Earlier this week, in conjunction with the 151st anniversary of the battle of Gettysburg, the Civil War Trust announced a $5.5 million fund-raising effort to acquire Lee’s Headquarters, located on the July 1 battlefield. Visitors today know the property as the Quality Inn at General Lee’s Headquarters, and perhaps they’ve visited the small museum there.
But on July 1, 1863, the building was the home of 69-year-old widow Mary Thompson. U.S. Congressman Thaddeus Stevens co-owned the structure.
After fighting swirled around the house during the day, Confederate Gen. Robert E. Lee arrived on the field that evening and established his headquarters on the Thompson property. From there, says the Trust, “he dispatched and received couriers relaying the unfolding events at Culp’s Hill and Cemetery Hill.” It was there, too, where the errant cavalryman Jeb Stuart finally reported back to the army following an extended—and unintended—absence.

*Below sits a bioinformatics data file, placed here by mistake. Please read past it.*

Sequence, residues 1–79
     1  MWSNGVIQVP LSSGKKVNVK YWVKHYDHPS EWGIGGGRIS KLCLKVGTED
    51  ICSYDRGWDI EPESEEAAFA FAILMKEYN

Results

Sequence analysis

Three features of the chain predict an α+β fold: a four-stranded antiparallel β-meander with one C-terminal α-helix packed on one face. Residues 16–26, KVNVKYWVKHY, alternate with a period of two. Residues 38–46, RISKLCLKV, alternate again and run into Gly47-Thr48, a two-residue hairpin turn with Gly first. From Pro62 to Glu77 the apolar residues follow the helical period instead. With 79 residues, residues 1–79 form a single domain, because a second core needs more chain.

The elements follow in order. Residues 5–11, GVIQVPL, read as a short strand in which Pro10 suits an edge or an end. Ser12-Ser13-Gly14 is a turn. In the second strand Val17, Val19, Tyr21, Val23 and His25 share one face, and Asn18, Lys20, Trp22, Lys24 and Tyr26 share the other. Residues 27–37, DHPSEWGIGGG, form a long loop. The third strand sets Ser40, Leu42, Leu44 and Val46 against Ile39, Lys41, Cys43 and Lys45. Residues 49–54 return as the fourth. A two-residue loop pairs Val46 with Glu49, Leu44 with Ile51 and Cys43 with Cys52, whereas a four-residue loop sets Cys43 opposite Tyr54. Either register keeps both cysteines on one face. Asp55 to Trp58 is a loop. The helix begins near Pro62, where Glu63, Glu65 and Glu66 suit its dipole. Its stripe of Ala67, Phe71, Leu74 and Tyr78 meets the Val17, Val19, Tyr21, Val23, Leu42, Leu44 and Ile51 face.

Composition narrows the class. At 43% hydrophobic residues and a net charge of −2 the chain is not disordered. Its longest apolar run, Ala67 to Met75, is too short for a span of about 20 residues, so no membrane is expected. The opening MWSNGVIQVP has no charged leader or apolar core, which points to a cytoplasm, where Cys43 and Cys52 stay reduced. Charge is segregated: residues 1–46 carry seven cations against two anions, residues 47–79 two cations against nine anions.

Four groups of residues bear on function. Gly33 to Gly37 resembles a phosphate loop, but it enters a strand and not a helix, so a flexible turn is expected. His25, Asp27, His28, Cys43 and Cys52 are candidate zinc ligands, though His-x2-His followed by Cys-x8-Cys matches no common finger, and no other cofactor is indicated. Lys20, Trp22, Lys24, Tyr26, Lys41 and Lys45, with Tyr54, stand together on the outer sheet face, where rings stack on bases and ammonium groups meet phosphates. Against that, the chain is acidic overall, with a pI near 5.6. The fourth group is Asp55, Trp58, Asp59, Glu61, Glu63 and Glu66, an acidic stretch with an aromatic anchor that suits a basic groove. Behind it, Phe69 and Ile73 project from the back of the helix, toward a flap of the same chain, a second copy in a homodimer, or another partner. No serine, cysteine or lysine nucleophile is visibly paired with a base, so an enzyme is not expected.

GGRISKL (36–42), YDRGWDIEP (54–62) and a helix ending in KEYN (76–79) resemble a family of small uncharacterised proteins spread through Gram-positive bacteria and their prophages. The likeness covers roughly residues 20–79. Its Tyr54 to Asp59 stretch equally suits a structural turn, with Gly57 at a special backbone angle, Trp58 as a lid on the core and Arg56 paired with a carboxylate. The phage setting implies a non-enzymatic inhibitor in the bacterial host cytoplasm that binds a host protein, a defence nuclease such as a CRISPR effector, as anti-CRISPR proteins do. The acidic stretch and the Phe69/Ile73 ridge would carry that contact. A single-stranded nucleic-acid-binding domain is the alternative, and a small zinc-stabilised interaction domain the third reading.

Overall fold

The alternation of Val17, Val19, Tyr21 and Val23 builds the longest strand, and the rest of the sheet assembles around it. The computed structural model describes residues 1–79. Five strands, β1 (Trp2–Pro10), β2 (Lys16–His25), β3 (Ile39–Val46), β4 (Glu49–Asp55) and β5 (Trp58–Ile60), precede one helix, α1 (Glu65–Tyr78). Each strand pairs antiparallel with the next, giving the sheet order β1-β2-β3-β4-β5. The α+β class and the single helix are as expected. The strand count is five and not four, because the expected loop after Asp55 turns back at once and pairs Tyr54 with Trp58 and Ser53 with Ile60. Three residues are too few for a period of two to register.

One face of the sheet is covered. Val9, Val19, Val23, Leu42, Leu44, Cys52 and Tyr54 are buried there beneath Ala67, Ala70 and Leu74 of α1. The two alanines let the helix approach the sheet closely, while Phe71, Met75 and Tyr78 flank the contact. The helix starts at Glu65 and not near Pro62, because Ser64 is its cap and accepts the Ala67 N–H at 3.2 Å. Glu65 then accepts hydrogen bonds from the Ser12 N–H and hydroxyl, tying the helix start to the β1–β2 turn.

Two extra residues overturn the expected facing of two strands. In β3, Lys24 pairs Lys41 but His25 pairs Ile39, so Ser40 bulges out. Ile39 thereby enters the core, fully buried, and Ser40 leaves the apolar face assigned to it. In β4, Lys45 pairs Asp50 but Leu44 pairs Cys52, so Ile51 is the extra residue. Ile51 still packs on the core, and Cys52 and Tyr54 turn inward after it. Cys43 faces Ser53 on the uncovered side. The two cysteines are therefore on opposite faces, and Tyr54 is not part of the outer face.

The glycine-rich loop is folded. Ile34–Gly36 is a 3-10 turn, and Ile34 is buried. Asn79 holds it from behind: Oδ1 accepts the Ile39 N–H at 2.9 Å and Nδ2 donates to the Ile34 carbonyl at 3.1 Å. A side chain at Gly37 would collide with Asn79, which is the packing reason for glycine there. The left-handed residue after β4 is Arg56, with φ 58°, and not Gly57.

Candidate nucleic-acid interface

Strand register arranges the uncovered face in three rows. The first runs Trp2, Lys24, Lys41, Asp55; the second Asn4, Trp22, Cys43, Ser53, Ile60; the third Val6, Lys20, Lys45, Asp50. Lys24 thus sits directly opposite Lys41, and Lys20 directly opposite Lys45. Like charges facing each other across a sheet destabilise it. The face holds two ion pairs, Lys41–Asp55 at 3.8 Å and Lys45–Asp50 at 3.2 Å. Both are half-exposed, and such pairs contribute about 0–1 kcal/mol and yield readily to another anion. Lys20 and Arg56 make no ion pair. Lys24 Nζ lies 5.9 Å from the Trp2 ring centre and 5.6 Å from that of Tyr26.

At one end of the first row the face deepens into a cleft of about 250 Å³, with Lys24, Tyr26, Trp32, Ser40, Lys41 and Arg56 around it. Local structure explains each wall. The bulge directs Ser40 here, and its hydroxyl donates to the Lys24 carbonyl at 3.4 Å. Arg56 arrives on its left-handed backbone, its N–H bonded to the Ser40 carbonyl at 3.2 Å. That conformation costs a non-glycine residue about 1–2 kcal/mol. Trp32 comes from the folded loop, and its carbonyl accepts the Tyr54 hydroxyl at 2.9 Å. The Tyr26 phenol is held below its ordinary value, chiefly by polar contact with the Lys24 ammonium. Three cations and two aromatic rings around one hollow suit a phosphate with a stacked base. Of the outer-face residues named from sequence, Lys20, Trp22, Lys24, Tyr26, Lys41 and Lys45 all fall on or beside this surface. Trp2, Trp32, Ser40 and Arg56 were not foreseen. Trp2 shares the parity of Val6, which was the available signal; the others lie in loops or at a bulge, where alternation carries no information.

“On this land,” the Trust added, “Lee discussed with his lieutenants the attack that would come to be known as Pickett’s Charge, setting in motion a chain of events that determined the outcome of the battle.”
For more about the Trust’s initiative to save Lee’s Headquarters, visit www.civilwar.org.